Saturday, February 13, 2010

Do You Want Fries with That?

So Scoob was puttering away in the garage last weekend and when I went down to see how he was doing, I noticed another box of books at the bottom of a stack of boxes. He said he'd dig it out so I could go through it later.

Turns out there were three more boxes of books down there. Three! Plus the two I'd already pulled up from the garage. Plus all the books out on shelves. I had no idea I had been hanging on to so many books. So I spent a good chunk of time last weekend getting those books up for sale at Amazon.

With all the books I have listed, I've been selling one or more a day for the past few weeks and I've become something a regular at the post office—media mail with confirmation, please. I'm like that customer who came through the McDonald's drive-thru every weekday morning and ordered a sausage biscuit and small coffee, one cream, two sugars.

Oh, but that's not where the similarity ends, no sir. First let me say this, the folks that work at the local post office are friendly, courteous, efficient (as much as any government employee can be, anyhow), and I'm usually in and out in 10 minutes or so. Okay, that said, they're driving me batty!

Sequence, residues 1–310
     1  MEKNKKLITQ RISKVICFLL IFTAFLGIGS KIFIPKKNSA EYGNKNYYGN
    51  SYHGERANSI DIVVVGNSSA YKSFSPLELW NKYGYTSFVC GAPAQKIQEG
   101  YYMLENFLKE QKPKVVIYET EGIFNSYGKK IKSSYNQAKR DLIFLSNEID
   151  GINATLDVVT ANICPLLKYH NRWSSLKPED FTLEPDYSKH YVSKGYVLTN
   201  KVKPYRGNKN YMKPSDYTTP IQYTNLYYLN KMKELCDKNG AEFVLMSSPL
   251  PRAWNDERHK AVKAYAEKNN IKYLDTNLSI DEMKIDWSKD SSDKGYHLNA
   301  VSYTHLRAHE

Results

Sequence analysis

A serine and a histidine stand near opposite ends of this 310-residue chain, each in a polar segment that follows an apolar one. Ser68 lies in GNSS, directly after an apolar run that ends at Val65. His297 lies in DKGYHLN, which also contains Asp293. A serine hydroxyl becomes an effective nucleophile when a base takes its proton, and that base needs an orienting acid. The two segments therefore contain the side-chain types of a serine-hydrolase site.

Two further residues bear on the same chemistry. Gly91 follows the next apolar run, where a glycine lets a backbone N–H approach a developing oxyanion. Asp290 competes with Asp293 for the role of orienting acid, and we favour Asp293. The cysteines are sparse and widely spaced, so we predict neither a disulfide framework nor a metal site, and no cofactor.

I've been in there everyday for the last 2½ weeks for the same thing each time. And yet it never fails, if a package is light enough to ship first class, they always ask if I want to send it first class. Of course I want to send it first class… that would be exactly why I stood in line and asked to send it by media mail.

Makes perfect sense to me—yes, won't you please let me give you more money for something I don't need or want, and didn't ask for. And it totally reminds of trying to upsell at McDonald's—if the customer ordered a value meal, you always asked if they wanted to super size it.

Then, when we're about to finish the transaction, the teller always asks me if I want to buy some stamps. It doesn't matter which teller I get, it's always the same—do you want any stamps?

I guess I was learning some real-world life skills during all those years at McDonald's. Good enough for government work, anyhow.

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